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ABSTRACT: A series of 12 new dibemethin (N-benzyl-N-methyl-1-phenylmethanamine) derivatives bearing an N-aminomethyl group attached to the one phenyl ring and an H, Cl, OCH3 or N(CH3)2 group on the other have been synthesized. These compounds all showed strong chloroquine chemosensitizing activity, comparable to verapamil, when present at 1 μM in an in vitro culture of the chloroquine-resistant W2 strain of the human malaria parasite, Plasmodium falciparum. Their N-formylated derivatives also exhibited resistance-reversing activity, but only at substantially higher IC10 concentrations. A number of the dibemethin derivatives were shown to inhibit chloroquine transport via the parasite's 'chloroquine resistance transporter' (PfCRT) in a Xenopus laevis oocyte expression system. The reduced resistance-reversing activity of the formylated compounds relative to their free amine counterparts can probably be ascribed to two factors: decreased accumulation of the formylated dibemethins within the parasite's internal digestive vacuole (believed to be the site of action of chloroquine), and a reduced ability to inhibit PfCRT. The resistance-reversing activity of the compounds described here demonstrates that the amino group need not be attached to the two aromatic rings via a three or four carbon chain as has been suggested by previous QSAR studies. These compounds may be useful as potential side chains for attaching to a 4,7-dichloroquinoline group in order to generate new resistance-reversing chloroquine analogues with inherent antimalarial activity.European Journal of Medicinal Chemistry 02/2011; 46(5):1729-42. DOI:10.1016/j.ejmech.2011.02.026 · 3.45 Impact Factor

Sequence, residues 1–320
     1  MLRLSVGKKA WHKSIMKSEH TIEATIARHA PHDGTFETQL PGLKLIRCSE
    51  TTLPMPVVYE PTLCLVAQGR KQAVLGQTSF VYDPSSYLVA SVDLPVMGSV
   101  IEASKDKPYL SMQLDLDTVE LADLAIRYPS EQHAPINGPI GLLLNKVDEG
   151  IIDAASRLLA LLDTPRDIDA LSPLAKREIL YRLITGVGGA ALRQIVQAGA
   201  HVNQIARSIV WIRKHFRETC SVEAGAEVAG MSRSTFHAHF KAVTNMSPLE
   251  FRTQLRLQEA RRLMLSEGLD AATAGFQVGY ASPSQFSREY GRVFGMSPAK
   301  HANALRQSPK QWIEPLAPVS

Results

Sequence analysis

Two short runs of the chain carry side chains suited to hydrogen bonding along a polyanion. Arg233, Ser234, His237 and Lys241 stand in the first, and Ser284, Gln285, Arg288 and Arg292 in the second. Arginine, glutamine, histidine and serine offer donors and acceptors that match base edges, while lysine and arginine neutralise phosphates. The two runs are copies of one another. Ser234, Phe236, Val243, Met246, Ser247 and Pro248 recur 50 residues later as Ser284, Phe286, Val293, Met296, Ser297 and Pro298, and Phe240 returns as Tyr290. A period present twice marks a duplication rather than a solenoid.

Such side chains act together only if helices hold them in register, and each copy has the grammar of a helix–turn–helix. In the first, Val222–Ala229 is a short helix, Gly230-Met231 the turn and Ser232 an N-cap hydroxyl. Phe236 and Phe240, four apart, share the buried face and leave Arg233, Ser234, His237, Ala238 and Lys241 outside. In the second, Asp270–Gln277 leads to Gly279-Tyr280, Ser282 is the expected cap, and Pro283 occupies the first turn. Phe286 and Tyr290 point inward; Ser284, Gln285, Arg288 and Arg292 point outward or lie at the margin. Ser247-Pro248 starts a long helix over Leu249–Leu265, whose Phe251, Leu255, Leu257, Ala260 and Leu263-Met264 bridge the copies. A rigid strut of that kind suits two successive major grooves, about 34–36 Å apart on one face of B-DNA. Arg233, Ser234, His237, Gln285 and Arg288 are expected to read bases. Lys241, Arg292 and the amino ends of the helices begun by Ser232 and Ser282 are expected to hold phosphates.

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ABSTRACT: Iron and phosphorus availability is low in many soils; hence, microorganisms and plants have evolved mechanisms to acquire these nutrients by altering the chemical conditions that affect their solubility. In plants, this includes exudation of organic acid anions and acidification of the rhizosphere by release of protons in response to iron and phosphorus deficiency. Grasses (family Poaceae) and microorganisms further respond to Fe deficiency by production and release of specific chelators (phytosiderophores and siderophores, respectively) that complex Fe to enhance its diffusion to the cell surface. In the rhizosphere, the mutual demand for Fe and P results in competition between plants and microorganisms with the latter being more competitive due to their ability to decompose plant-derived chelators and their proximity to the root surface; however microbial competitiveness is strongly affected by carbon availability. On the other hand, plants are able to avoid direct competition with microorganisms due to the spatial and temporal variability in the amount and composition of exudates they release into the rhizosphere. In this review, we present a model of the interactions that occur between microorganisms and roots along the root axis, and discuss advantages and limitations of methods that can be used to study these interactions at nanometre to centimetre scales. Our analysis suggests mechanisms such as increasing turnover of microbial biomass or enhanced nutrient uptake capacity of mature root zones that may enhance plant competitiveness could be used to develop plant genotypes with enhanced efficiency in nutrient acquisition. Our model of interactions between plants and microorganisms in the rhizosphere will be useful for understanding the biogeochemistry of P and Fe and for enhancing the effectiveness of fertilization.Soil Biology and Biochemistry 05/2011; 43(5):883-894. DOI:10.1016/j.soilbio.2011.01.005 · 3.93 Impact Factor